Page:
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The eventual success of The Legend of Maula Jatt may be a story on its own`


Maula Jatt belongs to all of us, says designer Fahad Hussayn


It took a village to bring together The Legend of Maula Jatt, from the star studded cast, amazing sets, beautiful costumes and overall direction and Fahad Hussayn, who designed the men’s costumes for the film, has a long list of people he wants to thank.

The Legend of Maula Jatt is not a film, it’s a trajectory, thanks to the vision of Bilal Lashari and Ammara Hikmat this project housed, nurtured and provided artists an opportunity to show the world that we have the talent, we just need to be trusted with it,” he wrote in a lengthy Instagram post.

“It was truly an honour to be a part of this project and I today want to thank all the special people who I saw work day and night, jumping hoops to make all this happen!” he said, starting off with AD Sameer Shami, whom he called “the most hardworking Ad in the industry” and the “most organised person who kept us all on schedule”.

“Namsa and Hamza Bajwa, who brought the production to life, were often found just living on set to get things right, the backdrops, sets and the accessories designed for every character breathed life into the story,” he wrote. The designer also thanked duo Maram and Aabroo and lauded their team’s commitment to the project and the creation of “flawless hair and makeup looks, matching continuity down to immaculate details, SFX makeup, bloodworm and the wear and tear for action”.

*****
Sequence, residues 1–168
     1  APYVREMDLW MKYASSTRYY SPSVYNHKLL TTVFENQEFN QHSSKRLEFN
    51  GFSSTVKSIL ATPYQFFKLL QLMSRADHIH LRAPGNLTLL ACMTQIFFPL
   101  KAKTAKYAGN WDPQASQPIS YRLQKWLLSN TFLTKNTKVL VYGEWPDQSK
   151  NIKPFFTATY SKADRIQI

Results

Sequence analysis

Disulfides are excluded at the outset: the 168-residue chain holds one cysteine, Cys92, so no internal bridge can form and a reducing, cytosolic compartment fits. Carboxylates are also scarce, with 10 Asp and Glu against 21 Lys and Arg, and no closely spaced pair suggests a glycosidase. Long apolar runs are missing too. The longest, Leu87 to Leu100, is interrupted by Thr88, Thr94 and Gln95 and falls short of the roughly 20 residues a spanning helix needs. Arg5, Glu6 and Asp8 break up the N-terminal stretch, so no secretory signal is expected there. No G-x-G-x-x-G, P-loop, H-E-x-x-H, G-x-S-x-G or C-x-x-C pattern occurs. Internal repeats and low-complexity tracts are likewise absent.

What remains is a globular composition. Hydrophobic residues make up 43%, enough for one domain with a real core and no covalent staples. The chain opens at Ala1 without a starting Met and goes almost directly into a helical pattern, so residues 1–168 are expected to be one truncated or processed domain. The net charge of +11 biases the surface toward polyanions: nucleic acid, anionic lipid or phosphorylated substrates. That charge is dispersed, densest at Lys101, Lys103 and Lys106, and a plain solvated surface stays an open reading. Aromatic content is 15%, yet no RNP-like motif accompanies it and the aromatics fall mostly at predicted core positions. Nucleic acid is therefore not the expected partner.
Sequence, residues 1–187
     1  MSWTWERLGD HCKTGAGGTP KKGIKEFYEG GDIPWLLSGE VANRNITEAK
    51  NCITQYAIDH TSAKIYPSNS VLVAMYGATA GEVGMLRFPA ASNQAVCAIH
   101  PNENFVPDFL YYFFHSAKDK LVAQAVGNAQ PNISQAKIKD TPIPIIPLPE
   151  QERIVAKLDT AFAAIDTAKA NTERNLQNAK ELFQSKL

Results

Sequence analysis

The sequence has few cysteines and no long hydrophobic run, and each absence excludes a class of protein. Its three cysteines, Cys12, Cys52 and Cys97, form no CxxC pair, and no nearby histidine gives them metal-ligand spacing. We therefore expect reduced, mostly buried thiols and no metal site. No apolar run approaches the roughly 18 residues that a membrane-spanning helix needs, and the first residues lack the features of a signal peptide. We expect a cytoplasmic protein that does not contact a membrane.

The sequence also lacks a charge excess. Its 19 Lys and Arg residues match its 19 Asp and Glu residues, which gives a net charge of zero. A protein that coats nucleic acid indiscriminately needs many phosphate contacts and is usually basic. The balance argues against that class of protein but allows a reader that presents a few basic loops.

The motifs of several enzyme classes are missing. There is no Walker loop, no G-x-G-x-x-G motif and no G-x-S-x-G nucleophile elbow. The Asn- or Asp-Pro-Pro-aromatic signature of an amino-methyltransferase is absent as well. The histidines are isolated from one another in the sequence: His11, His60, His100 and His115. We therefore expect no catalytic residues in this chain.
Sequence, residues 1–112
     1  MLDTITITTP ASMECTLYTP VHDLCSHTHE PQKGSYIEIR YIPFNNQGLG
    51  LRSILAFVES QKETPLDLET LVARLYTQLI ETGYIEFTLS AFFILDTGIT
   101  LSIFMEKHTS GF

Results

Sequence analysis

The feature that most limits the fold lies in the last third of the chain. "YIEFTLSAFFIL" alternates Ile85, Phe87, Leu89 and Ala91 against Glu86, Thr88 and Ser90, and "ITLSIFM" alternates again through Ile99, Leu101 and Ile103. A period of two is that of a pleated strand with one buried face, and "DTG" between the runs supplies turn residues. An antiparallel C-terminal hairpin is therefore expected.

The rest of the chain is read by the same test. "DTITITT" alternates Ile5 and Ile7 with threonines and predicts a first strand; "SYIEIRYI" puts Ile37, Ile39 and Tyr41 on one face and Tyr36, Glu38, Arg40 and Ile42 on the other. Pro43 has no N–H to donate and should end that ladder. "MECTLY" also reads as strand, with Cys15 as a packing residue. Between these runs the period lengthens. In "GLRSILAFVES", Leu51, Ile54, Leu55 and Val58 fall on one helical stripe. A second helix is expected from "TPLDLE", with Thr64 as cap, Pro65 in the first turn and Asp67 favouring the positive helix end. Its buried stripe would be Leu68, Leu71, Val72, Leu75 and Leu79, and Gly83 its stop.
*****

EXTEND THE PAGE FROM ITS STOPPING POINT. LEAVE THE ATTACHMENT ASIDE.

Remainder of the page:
Hussayn thanked his wardrobe teams for keeping up with his “crazy production demands and finishes” and for learning and dyeing things on set for him. “Hira and Maya your hard work will always inspire me.”

Filming for The Legend of Maula Jatt began in 2017 and the teams have worked on the film for years. Hussayn thanked his assistants “who kept up with my details for the lead costumes for the entire span of the film, the clothes, accessories, shoes, turbans including the on set assistance, Saima, Beenish, Usman, Nauman and Sana everyone on the team this film truly belongs to you”.

“My heartfelt thank you to consultants fro my teachers at the textile department of BNU and their support in achieving my life long dream for creating textures. Mainul, my student in Bangladesh managed all the natural dyeing seen in the film with his thesis,” wrote the designer. He thanked Asif and Shahid who mastered the art of making stitched dhotis and hand finished kurtas as well.

But it’s not just the people who worked directly on set that he wanted to thank. Hussayn also gave a shoutout to “all those vendors from pawn shops that I sourced the jewels from and beautiful silver work that you see”, which he said was all sourced from artisans of Kinari Bazaar in Lahore. He also thanked “the Chachas from small towns that supplied me vintage dhotis” as well as dentist Dr Zia for “casting Gohar’s gold tooth and bearing with us every spell of the shoot for the fitting and replications.”